The Austrian specialist in shredding technology and system solutions for waste processing invited guests to the Lindner Atlas Day on the scenic Lake Wörthersee on 1 October 2019 to present the eponymous next generation twin-shaft primary shredder for automated 24/7 operation.
Observing this colourful group of more than 120 people leaving their hotel on Tuesday morning, one might think they were an illustrious travel group. The fact that these visitors from all over the world, including countries such as Brazil, Morocco, Russia, China and Japan, actually belong to the who’s who of the international recycling industry only becomes clear when one listens more closely. They’re talking about recycling rates, valuable recyclables, waste streams and efficient processing technology. But the day’s hot topic is ideal sortability and the primary shredding of waste that’s necessary to make it possible.
‘At the moment, everything is heading towards a circular economy. Our diverse, international audience is proof that this trend is not only emerging in Europe, but all over the globe. In addition to the steadily increased recycling rates set by the EU, the 180 countries adhering to the Basel Convention, which governs the export and disposal of hazardous waste, have also decided to include plastic in the list of waste requiring “special consideration”,’ explains Stefan Scheiflinger-Ehrenwerth, Head of Product Management at Lindner Recyclingtech. These developments call for new technologies that will make it possible to cope with the ever-growing amounts of waste and to process them efficiently. To achieve this goal, Lindner’s design team focused on successfully combining the following three aspects in the Atlas shredder: ideal output size and chunkiness for subsequent sorting processes with high energy efficiency and 24/7 operation.
New to the latest Atlas generation is the FX fast exchange system. For maintenance with minimum downtime, the entire cutting system can be completely exchanged in under an hour. Thanks to a second cutting unit, made up of a shaft pair and cutting table, it’s possible to keep up production while, for example, welding work is carried out on the rippers.
In waste processing, the trend is clearly towards automation. However, robots and separation technologies such as NIR sorting require uniformly flowing material – in terms of both flow rate and particle size – in order to be productive. Scheiflinger-Ehrenwerth explains: ‘Our tests have shown that materials shredded to the size of an A4 sheet and with a low fines content are ideal for preventing as many picking errors as possible in subsequent automatic sorting processes. The Atlas’ ripping cutting system is simply tailor-made for that. Even collection bags for plastic waste can be ripped open easily without shredding the contents. Due to asynchronous shaft operation, where the shafts shred effectively in both directions of rotation, we additionally achieve a constant material output of approx. 40 to 50 metric tons per hour. This means that the shredder continually delivers enough material to the conveyor belt to be perfect for productive sorting.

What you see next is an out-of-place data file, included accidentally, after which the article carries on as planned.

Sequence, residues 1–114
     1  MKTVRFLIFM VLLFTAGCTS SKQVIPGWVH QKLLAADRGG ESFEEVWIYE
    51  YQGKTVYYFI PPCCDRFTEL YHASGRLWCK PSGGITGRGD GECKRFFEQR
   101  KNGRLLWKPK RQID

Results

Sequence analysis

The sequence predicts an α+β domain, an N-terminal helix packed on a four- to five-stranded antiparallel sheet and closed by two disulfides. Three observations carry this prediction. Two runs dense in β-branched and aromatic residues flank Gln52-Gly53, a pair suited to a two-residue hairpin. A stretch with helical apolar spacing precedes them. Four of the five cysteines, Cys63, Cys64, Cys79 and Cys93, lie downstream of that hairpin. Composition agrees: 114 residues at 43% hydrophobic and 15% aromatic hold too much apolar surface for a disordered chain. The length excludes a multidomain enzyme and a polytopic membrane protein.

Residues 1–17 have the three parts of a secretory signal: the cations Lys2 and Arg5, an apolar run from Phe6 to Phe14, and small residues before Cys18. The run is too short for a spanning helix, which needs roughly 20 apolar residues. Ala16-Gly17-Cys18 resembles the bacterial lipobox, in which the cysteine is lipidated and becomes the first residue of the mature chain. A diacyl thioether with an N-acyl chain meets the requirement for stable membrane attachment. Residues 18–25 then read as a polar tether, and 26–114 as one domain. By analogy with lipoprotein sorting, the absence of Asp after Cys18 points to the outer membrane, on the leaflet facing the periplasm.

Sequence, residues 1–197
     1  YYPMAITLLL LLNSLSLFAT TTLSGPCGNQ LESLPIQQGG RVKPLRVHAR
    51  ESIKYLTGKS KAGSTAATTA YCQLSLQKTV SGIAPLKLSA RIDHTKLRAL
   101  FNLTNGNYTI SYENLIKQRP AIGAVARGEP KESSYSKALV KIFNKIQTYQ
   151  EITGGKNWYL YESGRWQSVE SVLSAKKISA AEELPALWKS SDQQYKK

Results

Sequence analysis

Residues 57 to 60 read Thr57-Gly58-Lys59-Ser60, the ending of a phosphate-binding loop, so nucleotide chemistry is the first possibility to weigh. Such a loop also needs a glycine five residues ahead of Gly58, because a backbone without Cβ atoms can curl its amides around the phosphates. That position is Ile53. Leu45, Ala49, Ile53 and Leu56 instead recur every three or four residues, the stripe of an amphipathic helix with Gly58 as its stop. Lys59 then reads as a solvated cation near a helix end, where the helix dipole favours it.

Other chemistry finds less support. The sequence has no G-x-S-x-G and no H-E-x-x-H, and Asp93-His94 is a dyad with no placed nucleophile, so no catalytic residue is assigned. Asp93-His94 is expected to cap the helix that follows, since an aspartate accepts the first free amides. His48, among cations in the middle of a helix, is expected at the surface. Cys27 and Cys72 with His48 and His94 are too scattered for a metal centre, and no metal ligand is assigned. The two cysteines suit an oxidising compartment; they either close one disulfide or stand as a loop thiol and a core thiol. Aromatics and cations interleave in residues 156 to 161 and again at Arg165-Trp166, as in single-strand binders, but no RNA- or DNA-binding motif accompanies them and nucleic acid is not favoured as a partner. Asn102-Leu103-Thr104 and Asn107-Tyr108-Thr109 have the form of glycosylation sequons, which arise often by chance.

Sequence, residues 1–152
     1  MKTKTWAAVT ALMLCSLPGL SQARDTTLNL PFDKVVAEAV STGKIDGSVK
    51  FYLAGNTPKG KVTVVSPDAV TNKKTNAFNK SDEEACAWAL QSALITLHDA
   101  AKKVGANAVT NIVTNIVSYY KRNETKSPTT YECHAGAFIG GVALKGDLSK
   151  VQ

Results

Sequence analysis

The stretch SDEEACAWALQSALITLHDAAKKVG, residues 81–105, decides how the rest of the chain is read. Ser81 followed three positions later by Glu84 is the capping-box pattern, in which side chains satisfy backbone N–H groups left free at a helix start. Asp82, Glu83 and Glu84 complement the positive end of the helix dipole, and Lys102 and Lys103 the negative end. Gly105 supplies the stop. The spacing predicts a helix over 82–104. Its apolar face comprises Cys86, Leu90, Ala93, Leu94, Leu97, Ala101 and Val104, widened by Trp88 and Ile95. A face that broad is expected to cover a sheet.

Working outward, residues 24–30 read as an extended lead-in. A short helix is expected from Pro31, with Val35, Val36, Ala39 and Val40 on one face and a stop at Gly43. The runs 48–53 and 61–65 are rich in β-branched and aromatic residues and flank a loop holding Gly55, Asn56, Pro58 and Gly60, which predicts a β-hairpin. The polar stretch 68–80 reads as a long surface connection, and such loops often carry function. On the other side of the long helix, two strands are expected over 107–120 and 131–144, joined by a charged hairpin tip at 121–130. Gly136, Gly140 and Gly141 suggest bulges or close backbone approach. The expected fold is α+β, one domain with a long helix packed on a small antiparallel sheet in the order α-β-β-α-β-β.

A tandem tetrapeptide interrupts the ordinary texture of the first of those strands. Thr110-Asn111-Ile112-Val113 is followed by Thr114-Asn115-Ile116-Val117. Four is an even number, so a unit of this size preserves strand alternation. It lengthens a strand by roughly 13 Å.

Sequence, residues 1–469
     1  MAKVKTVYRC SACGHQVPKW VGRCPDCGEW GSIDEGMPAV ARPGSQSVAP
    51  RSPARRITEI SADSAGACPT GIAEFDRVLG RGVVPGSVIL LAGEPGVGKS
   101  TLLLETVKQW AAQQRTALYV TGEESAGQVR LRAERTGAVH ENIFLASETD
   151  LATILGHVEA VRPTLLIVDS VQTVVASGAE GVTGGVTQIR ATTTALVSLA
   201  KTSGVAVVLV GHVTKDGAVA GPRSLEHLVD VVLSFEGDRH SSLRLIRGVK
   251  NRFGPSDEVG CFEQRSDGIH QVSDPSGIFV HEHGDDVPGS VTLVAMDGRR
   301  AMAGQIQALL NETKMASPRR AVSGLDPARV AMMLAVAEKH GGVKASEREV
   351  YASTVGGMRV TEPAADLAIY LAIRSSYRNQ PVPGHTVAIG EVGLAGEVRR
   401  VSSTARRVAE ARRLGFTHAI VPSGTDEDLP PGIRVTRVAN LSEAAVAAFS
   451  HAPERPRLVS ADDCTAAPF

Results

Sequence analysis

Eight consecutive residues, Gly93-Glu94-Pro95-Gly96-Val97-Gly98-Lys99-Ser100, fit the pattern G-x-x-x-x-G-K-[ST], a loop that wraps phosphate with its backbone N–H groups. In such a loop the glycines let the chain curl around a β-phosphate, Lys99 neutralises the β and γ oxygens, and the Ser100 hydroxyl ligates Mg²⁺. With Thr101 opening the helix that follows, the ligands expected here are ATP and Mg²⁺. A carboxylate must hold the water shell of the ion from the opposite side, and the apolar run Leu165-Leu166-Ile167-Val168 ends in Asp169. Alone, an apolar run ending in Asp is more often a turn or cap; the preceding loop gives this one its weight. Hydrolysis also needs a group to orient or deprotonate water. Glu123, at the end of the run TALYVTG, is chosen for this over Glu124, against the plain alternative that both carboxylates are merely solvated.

This fantastic performance is only possible thanks to the specifically engineered drive concept: the Atlas 5500 is equipped with a purely electromechanical belt drive. The intelligent DEX (Dynamic Energy Exchange) energy management system ensures that the system always runs at the optimum operating point and that the shafts change direction up to three times faster than in conventional drives. This is particularly important when shredding tough or wet and heavy materials. Furthermore, the kinetic energy generated by one of the shafts while braking is recovered and made available to the second shaft. This results in the drive unit consuming 40% less energy, which makes the shredder magnificently efficient.
In addition, Lindner made sure that operating the shredder is easier than ever before by introducing a completely new control concept. In future this will be standard in all new Lindner machines. ‘It’s getting more and more difficult to find skilled staff, and not only in our industry. For the new Lindner Mobile HMI, we redesigned the entire navigation menu and tested it with completely untrained people until all functions relevant for controlling the machine were self-explanatory. What’s more, in standard operation it’s possible to control the shredder directly from the wheel loader by remote,’ concludes Scheiflinger-Ehrenwerth and adds: ‘In addition to our other modernisations, we received particularly positive feedback for this innovative feature. With the latest Atlas Series, we are truly moving in the right direction.’